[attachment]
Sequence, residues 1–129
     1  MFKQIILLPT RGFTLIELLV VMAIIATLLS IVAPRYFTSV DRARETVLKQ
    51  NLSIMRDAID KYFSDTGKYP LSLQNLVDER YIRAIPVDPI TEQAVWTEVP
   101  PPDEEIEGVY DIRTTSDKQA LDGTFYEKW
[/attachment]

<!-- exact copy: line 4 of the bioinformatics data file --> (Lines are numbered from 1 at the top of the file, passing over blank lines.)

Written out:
   101  PPDEEIEGVY DIRTTSDKQA LDGTFYEKW